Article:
The Labrador Retriever as a PetThe Lab was originally bred to be a versatile dog, and was developed from hard¬working dogs who performed many jobs, including retrieving both birds and fish. Most Labs, to varying degrees and depending upon their individual blood¬lines, retain some of these working instincts. This has a definite effect on the dog’s ability to be happy as a family companion and pet.
A dog from American show lines is usually a good choice as a pet, while field dogs may be too intense and driven to relax as a family pet. However, if a family member wants to participate in dog sports that require an intense, energetic dog—such as agility, flyball, dock diving, or search and rescue work—or if you plan to hunt with your dog, then a dog from field lines might be just right. Let’s take a look at the breed as a whole, though, because all Labrador Retrievers have many traits in common.

Labs Are Not Small

The Labrador Retriever is considered a medium to large dog, averaging from 60 to 80 pounds when fully grown—although many are bigger. That means a 60- to 100-pound dog stretched out across the living room floor or curled up on the sofa. A dog this large does not go unnoticed in a household, and many times adjustments must be made.
With this size comes strength. The Lab is a powerful dog and without train¬ing could easily jump on and knock down a child, a senior citizen, or even an unprepared adult. Older puppies and young adults are unaware of their size and strength and can easily hurt people even though they have no intention of doing so. However, with training, the dog can learn to restrain that power.

Labs Are High-Energy Dogs

The Lab is a fairly high-energy dog who requires daily exercise—daily strenuous exercise. A two- or three-mile walk around the neighborhood would be good exercise for an older dog or a puppy, but cannot be considered adequate exercise for a healthy adult dog. A good run, a fast session of throwing the ball, or a jog alongside a bicycle is more appropriate.Labs-Are-High-Energy-Dogs
Many Labs will bark, especially when they’re playing, and it’s important to make sure your neighbors won’t be bothered by this. Lab puppies and adolescents are known to chew destructively on just about anything, from toys to your furni¬ture, so you will need to be able to spend time training the puppy and making sure you can prevent bad behavior. Labs also love food, any food, and have been known to raid trash cans for tidbits. They will also, when they get a chance, steal food from the kitchen counter; so again, training and pre¬vention are important. When bored, Labs will also try to escape from the yard when they don’t get enough exercise. They don’t do this mali¬ciously; they’re just looking for some¬thing to do. However, you’ll find that when your Labrador Retriever has been exercised daily and practices his training skills, he will be healthier, happier, and more relaxed, and destructiveness around the house and yard will be minimal.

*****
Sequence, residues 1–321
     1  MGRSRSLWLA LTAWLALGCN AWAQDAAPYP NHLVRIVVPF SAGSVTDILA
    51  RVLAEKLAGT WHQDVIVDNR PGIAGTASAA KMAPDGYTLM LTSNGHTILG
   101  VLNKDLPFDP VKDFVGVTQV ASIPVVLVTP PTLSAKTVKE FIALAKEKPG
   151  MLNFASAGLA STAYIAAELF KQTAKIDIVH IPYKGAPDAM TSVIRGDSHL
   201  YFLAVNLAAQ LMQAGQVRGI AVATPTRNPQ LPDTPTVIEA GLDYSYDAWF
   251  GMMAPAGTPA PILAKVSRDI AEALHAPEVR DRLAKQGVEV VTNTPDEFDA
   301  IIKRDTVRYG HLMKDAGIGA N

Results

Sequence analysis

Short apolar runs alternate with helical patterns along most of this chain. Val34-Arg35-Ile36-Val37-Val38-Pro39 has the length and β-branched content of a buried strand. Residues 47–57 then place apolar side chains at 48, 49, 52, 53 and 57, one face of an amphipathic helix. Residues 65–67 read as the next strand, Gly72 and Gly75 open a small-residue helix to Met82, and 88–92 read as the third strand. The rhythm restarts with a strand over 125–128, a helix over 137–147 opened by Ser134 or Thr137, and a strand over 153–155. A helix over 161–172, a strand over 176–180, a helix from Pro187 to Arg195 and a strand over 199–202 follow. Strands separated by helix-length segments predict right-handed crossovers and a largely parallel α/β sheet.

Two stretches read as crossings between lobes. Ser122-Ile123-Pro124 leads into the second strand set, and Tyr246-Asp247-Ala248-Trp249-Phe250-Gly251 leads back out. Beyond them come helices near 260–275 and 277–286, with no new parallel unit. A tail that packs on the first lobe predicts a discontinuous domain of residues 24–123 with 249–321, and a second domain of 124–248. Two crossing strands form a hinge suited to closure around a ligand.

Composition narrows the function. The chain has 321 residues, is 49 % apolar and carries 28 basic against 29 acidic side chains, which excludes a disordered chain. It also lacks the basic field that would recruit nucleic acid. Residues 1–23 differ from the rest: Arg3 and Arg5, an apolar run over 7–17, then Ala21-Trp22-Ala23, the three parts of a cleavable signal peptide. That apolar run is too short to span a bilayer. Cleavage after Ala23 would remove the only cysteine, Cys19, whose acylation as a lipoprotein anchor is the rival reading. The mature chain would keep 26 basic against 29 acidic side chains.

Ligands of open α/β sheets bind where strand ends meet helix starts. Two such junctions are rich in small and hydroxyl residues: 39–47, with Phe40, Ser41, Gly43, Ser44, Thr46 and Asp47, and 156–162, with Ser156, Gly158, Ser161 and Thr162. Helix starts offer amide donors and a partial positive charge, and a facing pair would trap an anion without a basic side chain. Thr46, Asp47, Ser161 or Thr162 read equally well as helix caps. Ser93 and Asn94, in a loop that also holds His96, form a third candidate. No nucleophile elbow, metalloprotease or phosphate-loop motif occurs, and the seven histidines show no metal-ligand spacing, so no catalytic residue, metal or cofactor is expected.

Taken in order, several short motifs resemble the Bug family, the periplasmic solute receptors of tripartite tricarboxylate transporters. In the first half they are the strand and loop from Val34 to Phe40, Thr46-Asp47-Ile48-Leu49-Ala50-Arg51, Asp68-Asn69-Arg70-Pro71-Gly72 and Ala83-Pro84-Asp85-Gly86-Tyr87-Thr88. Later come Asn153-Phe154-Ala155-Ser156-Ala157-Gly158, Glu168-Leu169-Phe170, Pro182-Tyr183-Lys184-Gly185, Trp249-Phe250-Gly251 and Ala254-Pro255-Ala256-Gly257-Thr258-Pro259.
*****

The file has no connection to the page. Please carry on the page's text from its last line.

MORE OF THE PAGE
Labs Need a Job

Because the breed was developed from dogs who assisted their owners in many ways, Labs today need an occupation, something to keep the mind challenged and the body busy. There are quite a few different jobs you can give your Lab. Use the dog’s obedience training to give him some structure in his life and to teach him to work for you and listen to your commands. Teach him to bring you your newspaper and find your slippers or keys. Teach him to find your kids by name. Find a dog training club in your area and try something new, like agility, scent hurdle races, or dock diving. Teach your dog to play Frisbee. All of these things will keep your Lab busy, focused, and happy.

Do You Have a Problem with Hair?

Labs shed. There is no way to get around it. Yes, that hair looks short, but the undercoat is thicker than you might think, and those short hairs stick in every¬thing. Although the breed doesn’t shed as much as many other breeds—Collies and German Shepherds, for example—that wonderful, weather-resistant coat does shed. If dog hair in the house bothers you, don’t get a Lab. Living with a Lab requires a few compromises, and understanding that the dog sheds is one of them. The worst shedding times are spring and fall, depending upon the climate, but some shedding takes place all year round. The easiest way to keep it under control is to brush the dog thoroughly every day.

Labs Are Slow to Mature

By the age of 2 years, many dogs are grown up—mentally and physically. Labs, however, are puppies for a long time. Physically, most Labs do not reach maturity until 3 or 4 years old. They are still filling out, getting that Lab chest, and their coat is maturing.
The aspect of this that bothers most pet owners is the breed’s slow mental maturity. Labs are puppies a long time, and often are not mentally mature until 3 or 4 years of age. That means while some breeds can be trusted in the house not to get into trouble by 2 years of age, Labs may need to be 4. A 3-year-old Lab may still want to raid the trash can or get into the cat food. This is not a problem if you are aware of it. But many unsuspecting pet owners, especially those who have previously had puppies of other breeds, may assume that Labs grow up at the same rate and may be disappointed when their Lab doesn’t.

2 Responses to “The Labrador Retriever as a Pet”
  1. Romeo says:

    Obedience training for dogs is a task all your family can get involved with and do yourselves, alternatively you can pay someone else to do this for you however it’s important that you do something if you want your dog to listen to and obey your every command.

  2. Pam says:

    I need help!!! I have a 6 year old chocolate lab. He runs off with our stuff, when I go out with the goats he runs around the fence, barks, and tries to bite her. When he gets something from the van that we need he prances around and he won’t listen. PLEASE HELP!!!

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